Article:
Perdido Street Station is one of those works that was given the Steampunk label, but depending on how narrow of a definition you like to use for yourself, you may find it to be too far afield. For instance, the world of this book is pure fiction and is occupied by several different species of sentient beings in addition to boring old humans. Some are more insectile, others are cactus-like, as well as 7-foot tall bird people and these amphibious folks who can control water. These different races all live together, but separately, in a huge industrial city, which serves as a great lens through which to approach some of the problems in the Victorian era with xenophobia. In a twist that would put a smile on Doctor Moreau’s face, criminals are not imprisoned or executed, but given surgical alterations and implants to mark them outwardly as untrustworthy. All in all, a fascinating and unique setting.

Perdido Street Station artwork no title

The story centers on a Isaac, a scientist who is approached by one of these bird people. He had violated some sort of law in his community in the desert and the punishment was to remove his wings, so he wants Isaac to find some way for him to fly again. To get a better handle on the issue, the scientist puts out a message through the both the university and black market channels that he wants to study all manner of flying animals, including larval forms.

But when a strange caterpillar finally gets a hold of its true source of food and it pupates, Isaac, and the whole city, get far more than they bargained for.

I really enjoyed this book, but it is not for everyone. Mieville’s prose are fall on the Poe/Lovecraftian end of the spectrum, meaning that they are rich and visceral but not always pleasant. And by the end of this unabridged version, I was really ready for it to be over, so I’d say go for the abridged version if all you want is the story. If you want to enjoy some beautiful writing and intensive world-building, check out the full version.

Memepunk: Writing Encouragement

From time to time, a writer just needs a little encouragement. The type of encouragement will vary from tough love to a good snuggle depending on the writer or even the kind of day he or she is having. So take a look at this gallery of memes meant to inspire your inner Poe or Bronte, and see if you can find one that works for you!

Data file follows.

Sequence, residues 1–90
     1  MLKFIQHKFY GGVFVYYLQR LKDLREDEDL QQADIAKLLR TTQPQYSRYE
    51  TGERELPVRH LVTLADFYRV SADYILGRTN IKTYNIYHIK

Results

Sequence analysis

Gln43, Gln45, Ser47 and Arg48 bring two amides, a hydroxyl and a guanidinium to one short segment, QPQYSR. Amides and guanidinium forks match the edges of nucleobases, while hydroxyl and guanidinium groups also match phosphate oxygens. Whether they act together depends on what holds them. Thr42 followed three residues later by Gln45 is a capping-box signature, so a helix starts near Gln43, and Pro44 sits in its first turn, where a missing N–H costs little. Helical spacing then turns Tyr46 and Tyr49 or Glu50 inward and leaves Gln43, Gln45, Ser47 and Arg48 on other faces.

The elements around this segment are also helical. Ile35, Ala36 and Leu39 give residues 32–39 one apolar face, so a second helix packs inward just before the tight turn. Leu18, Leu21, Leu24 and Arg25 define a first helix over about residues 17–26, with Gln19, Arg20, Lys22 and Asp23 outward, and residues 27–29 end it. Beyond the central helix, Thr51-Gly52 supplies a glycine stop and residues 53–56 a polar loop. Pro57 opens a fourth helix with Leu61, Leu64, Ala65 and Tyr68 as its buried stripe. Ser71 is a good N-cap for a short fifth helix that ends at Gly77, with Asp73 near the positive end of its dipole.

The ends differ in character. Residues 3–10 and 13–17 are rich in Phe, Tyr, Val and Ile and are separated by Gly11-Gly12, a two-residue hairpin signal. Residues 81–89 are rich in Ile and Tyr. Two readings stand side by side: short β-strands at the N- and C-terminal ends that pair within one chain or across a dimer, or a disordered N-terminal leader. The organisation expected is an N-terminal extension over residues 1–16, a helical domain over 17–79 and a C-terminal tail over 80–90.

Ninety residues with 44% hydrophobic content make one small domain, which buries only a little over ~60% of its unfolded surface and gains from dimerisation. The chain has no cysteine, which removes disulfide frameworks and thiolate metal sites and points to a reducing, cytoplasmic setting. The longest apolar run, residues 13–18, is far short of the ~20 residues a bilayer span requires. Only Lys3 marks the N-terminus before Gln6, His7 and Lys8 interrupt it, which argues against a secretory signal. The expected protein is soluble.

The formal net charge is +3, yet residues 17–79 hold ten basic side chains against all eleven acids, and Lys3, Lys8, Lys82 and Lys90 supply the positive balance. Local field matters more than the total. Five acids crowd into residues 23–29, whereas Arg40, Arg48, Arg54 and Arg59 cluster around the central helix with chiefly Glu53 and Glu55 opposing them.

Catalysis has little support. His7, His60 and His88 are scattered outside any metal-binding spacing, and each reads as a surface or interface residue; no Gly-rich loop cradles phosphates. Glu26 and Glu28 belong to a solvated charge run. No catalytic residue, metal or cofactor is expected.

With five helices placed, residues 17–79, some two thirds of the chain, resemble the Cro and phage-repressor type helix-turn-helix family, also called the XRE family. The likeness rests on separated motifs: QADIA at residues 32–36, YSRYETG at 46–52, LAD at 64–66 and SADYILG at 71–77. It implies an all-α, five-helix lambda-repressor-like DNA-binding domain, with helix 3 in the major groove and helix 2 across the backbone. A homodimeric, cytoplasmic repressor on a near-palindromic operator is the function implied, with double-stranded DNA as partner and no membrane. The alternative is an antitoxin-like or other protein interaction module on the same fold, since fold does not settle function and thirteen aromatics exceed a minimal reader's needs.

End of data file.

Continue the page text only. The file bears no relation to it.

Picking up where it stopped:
And feel free to leave your own inspirational quotes or tips in the comments.

Steampunk Book Review: Assassins of the Steam Age

Assassins of the Steam Age

Now that I have a Kindle, I do a lot of lurking around Amazon looking for quality, free e-books. This means I have kissed a lot of toads along the way, but Assassins of the Steam Age (Book 1 Aetherium Series) by Joseph Robert Lewis was a welcome reprieve from all the bad books I had to wade through.

The plot centers on an electrician and airship engineer named Taziri Ohana and the night the airfield in her home city was destroyed. She races to the hangar to check on her own craft, The Halcyon, where she and her captain are attacked by an assassin who seems to feel no pain. When the marshals show up and need her craft to pursue the terrorists, Taziri is drawn into a world of political intrigue and dark experiments, and is shocked to find her intimate connection to the horrible events.

One of the most refreshing things about this book was the setting. The reader gets to experience a setting both familiar and simultaneously alien, where names rings a bell but the cultures and people who inhabit these places are unrecognizable. The ruling powers of Lewis’ world include a powerful Incan kingdom where terror birds and sabertooth cats still roam the forest and an “Espana” where the holy men converse with angels, while the story itself starts in Marrakesh. Plus, there are daring escapes, interesting technology that never was, and a 3-dimensional female lead character. What more could you need?

I thoroughly enjoyed this book and would definitely recommend it to Steampunk and Alternative History fans. I will definitely be checking out the next book, Legend of the Skyfire Stone.